CORRECTION: A previous version of this article incorrectly stated the monetary value of the fraudulent checks that Seafood Destiny owner Anthony Knotts is being accused of issuing and writing. The checks total $28,000, according to WFMY-TV. The Daily Tar Heel apologizes for this error.
Earlier this month, Seafood Destiny owner Anthony Knotts was jailed earlier this month on charges related to issuing fraudulent checks totaling $28,000, according to WFMY-TV, a CBS-affiliated television station in Greensboro.
His arrest puts the restaurant's future into question — a jaunting thought for businesses in Franklin Street that already experience high restaurant turnover. Seafood Destiny's Chapel Hill location opened over winter break last year.
Lotsa Stone Fired Pizza occupied the space currently filled by Seafood Destiny for three years before eventually closing down in 2020. The location has also housed Jasmin & Olivz Mediterranean and a QDOBA.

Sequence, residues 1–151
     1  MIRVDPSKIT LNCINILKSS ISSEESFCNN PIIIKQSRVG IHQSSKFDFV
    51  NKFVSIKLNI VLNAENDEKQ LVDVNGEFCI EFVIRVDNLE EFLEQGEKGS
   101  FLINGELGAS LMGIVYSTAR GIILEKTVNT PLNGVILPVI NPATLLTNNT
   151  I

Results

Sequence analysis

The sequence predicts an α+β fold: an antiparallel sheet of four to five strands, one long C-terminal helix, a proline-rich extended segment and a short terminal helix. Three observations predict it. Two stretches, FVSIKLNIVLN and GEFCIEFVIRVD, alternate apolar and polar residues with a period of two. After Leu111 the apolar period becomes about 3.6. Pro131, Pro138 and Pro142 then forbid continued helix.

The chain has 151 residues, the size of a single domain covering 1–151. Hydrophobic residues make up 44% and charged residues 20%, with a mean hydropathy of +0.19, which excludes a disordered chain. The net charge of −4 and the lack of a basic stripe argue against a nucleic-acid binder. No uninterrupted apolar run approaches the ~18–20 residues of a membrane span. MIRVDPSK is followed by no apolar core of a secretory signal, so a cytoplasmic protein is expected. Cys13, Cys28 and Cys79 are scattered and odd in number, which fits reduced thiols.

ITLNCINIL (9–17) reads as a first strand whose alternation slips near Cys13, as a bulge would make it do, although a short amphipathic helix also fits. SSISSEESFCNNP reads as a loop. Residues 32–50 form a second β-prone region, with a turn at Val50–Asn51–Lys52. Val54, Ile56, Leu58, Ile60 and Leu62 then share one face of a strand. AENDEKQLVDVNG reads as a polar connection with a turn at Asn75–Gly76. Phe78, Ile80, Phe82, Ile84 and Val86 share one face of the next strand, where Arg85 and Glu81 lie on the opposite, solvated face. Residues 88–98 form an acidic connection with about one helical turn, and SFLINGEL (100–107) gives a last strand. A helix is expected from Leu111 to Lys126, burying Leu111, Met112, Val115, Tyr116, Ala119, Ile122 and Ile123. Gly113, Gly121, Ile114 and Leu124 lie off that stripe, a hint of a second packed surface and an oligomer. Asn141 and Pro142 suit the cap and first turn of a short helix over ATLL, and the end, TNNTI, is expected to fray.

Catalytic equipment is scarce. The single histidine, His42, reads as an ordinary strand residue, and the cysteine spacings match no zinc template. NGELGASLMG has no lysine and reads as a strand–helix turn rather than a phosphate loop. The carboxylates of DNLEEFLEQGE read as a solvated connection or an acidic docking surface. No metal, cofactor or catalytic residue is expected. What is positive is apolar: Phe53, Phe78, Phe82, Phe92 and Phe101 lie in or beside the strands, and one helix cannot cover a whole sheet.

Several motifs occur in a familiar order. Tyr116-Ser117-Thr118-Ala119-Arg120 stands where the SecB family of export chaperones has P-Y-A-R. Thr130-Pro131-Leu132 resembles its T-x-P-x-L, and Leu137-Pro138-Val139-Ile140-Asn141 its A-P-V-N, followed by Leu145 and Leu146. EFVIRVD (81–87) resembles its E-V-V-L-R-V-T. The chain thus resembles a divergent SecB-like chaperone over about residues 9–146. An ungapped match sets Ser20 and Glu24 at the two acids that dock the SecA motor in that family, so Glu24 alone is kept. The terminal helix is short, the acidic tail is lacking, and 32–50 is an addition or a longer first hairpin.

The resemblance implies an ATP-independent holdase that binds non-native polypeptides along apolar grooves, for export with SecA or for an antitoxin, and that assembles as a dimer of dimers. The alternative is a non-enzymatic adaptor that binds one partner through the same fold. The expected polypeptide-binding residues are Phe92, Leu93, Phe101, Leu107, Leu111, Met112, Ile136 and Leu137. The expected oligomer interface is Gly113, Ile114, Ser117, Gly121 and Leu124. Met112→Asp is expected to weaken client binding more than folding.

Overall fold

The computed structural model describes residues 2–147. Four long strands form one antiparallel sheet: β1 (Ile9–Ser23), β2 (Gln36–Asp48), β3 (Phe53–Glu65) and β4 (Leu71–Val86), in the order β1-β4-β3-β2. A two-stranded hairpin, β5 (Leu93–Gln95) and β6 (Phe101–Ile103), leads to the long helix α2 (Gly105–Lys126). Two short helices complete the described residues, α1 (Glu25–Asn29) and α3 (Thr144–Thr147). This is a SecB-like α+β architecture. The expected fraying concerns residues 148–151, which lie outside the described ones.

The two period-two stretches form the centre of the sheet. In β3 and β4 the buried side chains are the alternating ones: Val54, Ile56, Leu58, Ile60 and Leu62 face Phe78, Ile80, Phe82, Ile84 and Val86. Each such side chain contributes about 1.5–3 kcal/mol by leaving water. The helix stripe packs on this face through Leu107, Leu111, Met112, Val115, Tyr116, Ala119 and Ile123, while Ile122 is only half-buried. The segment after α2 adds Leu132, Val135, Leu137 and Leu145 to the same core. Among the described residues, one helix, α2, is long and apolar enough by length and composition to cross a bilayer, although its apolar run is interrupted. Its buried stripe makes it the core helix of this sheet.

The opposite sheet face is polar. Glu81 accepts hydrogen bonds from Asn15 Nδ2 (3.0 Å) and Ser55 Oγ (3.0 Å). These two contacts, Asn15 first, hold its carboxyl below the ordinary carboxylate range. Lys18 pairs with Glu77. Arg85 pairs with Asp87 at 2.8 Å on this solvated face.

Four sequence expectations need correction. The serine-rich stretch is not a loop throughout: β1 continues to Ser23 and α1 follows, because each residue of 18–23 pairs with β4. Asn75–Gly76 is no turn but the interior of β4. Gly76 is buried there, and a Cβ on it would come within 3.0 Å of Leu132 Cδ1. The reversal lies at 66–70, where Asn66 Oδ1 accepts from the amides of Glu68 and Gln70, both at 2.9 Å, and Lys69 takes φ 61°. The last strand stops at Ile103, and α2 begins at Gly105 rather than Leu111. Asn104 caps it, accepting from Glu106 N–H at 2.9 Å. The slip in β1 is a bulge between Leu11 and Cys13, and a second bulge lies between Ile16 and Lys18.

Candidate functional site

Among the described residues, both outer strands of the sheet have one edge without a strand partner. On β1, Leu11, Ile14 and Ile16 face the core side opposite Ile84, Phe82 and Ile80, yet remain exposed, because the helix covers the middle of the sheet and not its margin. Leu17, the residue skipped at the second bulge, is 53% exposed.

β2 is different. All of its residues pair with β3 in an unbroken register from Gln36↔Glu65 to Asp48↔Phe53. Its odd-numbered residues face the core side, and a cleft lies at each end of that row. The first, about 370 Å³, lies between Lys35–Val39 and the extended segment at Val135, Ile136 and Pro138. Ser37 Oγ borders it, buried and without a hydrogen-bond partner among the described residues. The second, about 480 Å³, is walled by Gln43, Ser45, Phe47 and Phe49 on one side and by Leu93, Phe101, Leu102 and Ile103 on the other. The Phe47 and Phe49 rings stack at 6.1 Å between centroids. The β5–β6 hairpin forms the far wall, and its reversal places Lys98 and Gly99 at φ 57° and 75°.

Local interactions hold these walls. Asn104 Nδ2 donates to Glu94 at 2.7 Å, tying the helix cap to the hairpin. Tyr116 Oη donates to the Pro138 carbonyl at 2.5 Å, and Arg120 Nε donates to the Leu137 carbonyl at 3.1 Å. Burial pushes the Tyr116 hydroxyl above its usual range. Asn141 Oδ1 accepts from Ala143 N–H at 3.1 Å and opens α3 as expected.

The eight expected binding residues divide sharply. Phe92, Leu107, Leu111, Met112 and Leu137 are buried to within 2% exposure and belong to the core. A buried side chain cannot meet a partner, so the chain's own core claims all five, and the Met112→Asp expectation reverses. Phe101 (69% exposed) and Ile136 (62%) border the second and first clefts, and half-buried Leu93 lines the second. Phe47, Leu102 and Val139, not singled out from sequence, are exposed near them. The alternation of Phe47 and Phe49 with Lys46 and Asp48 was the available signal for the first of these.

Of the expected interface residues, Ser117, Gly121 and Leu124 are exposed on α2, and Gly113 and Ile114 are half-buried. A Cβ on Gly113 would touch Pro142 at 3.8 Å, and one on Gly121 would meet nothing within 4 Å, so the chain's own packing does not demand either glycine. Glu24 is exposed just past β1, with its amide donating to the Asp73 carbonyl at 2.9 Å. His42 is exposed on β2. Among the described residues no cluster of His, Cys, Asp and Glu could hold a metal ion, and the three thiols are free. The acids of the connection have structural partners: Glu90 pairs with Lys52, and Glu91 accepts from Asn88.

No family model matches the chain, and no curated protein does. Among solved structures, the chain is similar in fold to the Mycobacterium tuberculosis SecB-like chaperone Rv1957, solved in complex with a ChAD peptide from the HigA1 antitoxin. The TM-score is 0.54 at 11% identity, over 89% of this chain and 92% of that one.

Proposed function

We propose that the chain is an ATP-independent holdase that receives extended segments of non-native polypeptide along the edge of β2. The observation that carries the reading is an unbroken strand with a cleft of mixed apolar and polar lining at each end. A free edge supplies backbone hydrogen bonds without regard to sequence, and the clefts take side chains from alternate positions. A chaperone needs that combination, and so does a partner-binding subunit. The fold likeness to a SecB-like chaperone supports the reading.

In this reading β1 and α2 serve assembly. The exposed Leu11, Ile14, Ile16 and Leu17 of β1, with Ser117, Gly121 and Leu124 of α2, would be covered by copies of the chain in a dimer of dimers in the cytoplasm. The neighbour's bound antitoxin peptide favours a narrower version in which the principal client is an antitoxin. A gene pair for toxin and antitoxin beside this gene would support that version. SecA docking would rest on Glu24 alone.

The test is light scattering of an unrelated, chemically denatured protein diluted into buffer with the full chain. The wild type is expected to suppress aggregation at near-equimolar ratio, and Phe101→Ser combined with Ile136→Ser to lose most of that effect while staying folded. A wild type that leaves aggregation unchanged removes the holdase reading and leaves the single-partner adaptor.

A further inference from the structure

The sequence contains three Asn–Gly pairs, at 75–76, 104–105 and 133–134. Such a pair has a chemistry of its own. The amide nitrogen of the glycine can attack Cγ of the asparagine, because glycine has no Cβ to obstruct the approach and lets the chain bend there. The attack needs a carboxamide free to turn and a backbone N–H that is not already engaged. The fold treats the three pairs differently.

The space below Top of the Hill previously housed MidiCi Italian Kitchen, which closed in August 2019 and has yet to be reoccupied. Across the street, Jed’s Kitchen, which opened last year, recently closed down for good.
On the other hand, Raising Cane’s, a Louisiana-based chain that specializes in chicken fingers, will take space near Jed’s Kitchen. The restaurant will open in the space formerly housed by Lula’s, another chicken restaurant.
The constant turnover is a bad omen — therefore meaning it should be an overall priority for the town.
With Franklin Street and Colombia Street located in the heart of Chapel Hill, the area attracts a frequent amount of traffic. Empty storefronts reflect a missed opportunity to capitalize on the area's commercial potential.
Naturally, the COVID-19 pandemic was challenging for small businesses in Chapel Hill. The University pushed classes remote for much of the pandemic, meaning many students were either not in the area or chose to socially distance themselves from trafficked locations.